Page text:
By JAY REEVES, Associated Press
BIRMINGHAM, Ala. (AP) — The high school graduation season will present a test of Alabama’s ability to reopen society without hastening the spread of the new coronavirus as thousands gather for ceremonies at some of the state’s largest schools.
As many as 2,500 people will be allowed at a Tuesday evening commencement for nearly 550 graduates in the football stadium at Thompson High School, the Class 7A state high school football champion, in the Birmingham suburb of Alabaster, according to a school system announcement.
About 15 miles (25 kilometers) away, Spain Park and Hoover high schools, with 3,300 students combined, will hold ceremonies on Wednesday and Thursday at Hoover Metropolitan Stadium, with a normal seating capacity of 10,800 that must be halved under state pandemic rules.
Graduates from each school in Hoover will be given an N-95 face mask that they will be required to wear except when on stage, according to an announcement Tuesday. Others in attendance are encouraged, but not required, to wear masks.
“Everyone will be encouraged to immediately return to their vehicles at the conclusion of the ceremony without gathering on the field, in stands or in the parking lot,” said a message from the Hoover school system.
The ceremonies are allowed because the state last week eliminated rules that limited crowds to 10 people or fewer. Gatherings of any size are allowed now as long as people from different households stay at least 6 feet (1.8 meters) apart.
While administrators are making plans to spread out people and limit crowds because of COVID-19, the disease caused by the virus, deciding to fill football stadiums and other venues with people is a calculated risk during a global pandemic.
Eric Mackey, the state school superintendent, recommended to local systems that anyone attending a ceremony “exercise personal responsibility” by following guidelines that include wearing facial coverings and washing hands frequently.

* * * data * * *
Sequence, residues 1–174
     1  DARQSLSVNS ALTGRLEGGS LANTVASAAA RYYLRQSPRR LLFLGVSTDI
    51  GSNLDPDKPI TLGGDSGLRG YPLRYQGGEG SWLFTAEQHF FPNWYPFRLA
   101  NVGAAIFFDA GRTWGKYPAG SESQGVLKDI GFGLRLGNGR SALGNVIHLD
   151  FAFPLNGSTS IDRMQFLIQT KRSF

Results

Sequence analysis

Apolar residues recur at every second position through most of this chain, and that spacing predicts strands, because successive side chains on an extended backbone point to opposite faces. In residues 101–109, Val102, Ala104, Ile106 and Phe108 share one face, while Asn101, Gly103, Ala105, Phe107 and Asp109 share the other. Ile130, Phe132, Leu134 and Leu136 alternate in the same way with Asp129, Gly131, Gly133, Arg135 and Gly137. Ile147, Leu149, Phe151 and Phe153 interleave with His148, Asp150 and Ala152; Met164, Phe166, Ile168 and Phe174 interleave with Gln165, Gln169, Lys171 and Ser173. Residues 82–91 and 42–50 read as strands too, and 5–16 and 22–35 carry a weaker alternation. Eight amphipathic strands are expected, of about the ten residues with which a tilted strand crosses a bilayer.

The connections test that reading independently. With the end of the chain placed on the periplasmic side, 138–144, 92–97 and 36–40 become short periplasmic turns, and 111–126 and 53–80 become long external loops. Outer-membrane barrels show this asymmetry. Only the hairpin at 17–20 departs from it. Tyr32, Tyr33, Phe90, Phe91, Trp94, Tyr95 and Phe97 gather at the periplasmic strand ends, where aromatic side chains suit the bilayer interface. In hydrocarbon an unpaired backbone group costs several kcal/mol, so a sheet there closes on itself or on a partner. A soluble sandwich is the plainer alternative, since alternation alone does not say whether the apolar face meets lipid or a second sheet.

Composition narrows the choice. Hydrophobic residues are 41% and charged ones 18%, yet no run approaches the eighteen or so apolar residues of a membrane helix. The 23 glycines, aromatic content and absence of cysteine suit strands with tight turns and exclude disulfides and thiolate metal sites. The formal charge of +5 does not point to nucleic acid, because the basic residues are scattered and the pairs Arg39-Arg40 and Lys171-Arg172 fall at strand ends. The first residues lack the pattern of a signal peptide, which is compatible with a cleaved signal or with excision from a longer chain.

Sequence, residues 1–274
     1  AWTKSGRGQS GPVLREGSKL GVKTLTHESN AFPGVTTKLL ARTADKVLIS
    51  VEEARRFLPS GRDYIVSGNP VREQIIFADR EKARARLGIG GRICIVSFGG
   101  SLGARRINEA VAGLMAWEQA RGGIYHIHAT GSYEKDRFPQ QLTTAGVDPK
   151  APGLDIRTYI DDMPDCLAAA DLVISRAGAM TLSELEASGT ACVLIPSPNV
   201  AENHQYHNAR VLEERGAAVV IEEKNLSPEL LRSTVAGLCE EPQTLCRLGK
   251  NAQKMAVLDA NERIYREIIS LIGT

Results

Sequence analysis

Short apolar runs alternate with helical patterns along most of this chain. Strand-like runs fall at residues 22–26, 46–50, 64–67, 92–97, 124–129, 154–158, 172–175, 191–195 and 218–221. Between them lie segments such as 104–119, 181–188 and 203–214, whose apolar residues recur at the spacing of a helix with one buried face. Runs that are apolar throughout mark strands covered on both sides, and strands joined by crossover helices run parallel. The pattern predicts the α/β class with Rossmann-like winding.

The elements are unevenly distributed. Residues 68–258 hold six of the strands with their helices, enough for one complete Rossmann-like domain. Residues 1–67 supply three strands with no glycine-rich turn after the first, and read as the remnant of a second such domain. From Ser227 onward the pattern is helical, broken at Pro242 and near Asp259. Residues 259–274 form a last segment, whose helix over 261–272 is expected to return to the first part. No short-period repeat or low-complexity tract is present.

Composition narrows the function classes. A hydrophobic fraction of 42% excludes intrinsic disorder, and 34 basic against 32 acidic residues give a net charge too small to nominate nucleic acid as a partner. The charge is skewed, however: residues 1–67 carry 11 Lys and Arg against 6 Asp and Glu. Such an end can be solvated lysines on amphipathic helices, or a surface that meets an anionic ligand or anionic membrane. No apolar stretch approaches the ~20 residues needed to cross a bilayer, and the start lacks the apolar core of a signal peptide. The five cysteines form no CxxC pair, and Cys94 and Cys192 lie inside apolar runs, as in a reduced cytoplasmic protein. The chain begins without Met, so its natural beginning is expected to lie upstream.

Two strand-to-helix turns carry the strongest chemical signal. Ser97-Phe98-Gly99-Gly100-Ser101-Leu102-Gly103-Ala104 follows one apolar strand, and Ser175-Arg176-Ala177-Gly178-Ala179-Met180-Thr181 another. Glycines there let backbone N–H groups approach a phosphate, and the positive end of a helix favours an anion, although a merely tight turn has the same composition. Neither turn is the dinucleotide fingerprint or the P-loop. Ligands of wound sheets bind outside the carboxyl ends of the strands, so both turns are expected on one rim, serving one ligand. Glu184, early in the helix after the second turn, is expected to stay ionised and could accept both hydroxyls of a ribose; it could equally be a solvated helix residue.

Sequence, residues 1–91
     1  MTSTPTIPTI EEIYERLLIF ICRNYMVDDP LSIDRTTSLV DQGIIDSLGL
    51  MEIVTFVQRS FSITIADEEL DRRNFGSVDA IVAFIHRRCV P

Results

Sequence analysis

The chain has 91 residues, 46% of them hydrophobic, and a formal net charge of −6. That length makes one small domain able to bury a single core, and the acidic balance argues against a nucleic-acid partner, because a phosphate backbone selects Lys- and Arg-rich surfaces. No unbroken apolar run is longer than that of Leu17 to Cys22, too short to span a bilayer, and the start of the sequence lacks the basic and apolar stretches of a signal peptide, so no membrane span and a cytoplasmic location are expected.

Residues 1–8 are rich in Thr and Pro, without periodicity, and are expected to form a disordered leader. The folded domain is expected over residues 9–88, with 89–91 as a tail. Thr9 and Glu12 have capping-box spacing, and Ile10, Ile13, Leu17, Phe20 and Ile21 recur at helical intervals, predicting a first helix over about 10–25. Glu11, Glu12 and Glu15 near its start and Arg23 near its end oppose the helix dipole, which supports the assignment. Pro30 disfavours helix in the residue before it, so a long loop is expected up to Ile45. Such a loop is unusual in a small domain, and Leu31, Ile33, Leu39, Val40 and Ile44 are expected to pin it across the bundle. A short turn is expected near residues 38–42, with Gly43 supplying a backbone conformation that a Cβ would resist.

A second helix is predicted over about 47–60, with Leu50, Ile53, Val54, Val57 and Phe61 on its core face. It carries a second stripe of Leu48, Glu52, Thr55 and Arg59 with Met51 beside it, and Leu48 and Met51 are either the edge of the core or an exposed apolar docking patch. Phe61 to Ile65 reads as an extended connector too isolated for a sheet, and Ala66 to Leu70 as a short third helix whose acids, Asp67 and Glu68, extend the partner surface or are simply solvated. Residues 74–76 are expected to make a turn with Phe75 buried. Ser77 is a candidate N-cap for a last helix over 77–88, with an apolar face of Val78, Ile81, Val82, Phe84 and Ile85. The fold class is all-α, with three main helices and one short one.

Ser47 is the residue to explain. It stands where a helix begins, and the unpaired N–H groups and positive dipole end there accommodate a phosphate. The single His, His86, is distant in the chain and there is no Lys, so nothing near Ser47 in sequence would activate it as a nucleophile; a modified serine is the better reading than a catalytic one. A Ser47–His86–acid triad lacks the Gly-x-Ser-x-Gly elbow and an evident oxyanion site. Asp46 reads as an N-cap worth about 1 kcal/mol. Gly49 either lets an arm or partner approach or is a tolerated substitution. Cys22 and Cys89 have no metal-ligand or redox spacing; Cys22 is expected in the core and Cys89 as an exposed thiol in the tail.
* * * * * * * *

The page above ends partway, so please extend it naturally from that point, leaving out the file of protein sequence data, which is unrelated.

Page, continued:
The Alabama Department of Public Health has discouraged large group gatherings. A spokesman for the agency, Ryan Easterling, said maintaining proper social distancing will still be required.
“If they’re going to have to have a graduation ceremony they have to maintain the 6-foot rule,” he said.
Central High School in Phenix City broke up its usual graduation into five smaller ceremonies, according to al.com. Nearly 90 graduates walked in red robes Monday night, with another 400 graduates getting their diplomas over the next four days during similar ceremonies.
In Mobile County, which leads the state in coronavirus cases, graduates will be able to walk across a stage at Ladd-Peebles Stadium next month while relatives watch from inside a car. Videos of individuals will be combined with speeches by valedictorians and others to create a “virtual” graduation ceremony.
“None of would have ever imagined as you started your senior year in August that it would end like this,” Murphy High School Principal Joe Toomey said in an open letter to graduates posted on the school’s Facebook page.
Graduates of Dothan High School, with some 1,700 students, will receive their diplomas in a “drive-through” ceremony planned for June 6 on the grounds of the National Peanut Festival. Seniors will ride in with relatives but leave their vehicle briefly to walk across the stage when their name is called, according to guidance made public Tuesday. Area radio stations will broadcast the ceremony, which also will be shown by livestream.
Alabama’s average daily count of new cases of COVID-19 has been on an uptick since the state began loosening guidelines and allowing more businesses and other locations to open. More than 10,200 cases and at least 428 deaths from the disease have been confirmed statewide.
For most people, the coronavirus causes mild or moderate symptoms, such as fever and cough that clear up in two to three weeks. For some, especially older adults and people with existing health problems, it can cause more severe illness including pneumonia, and death.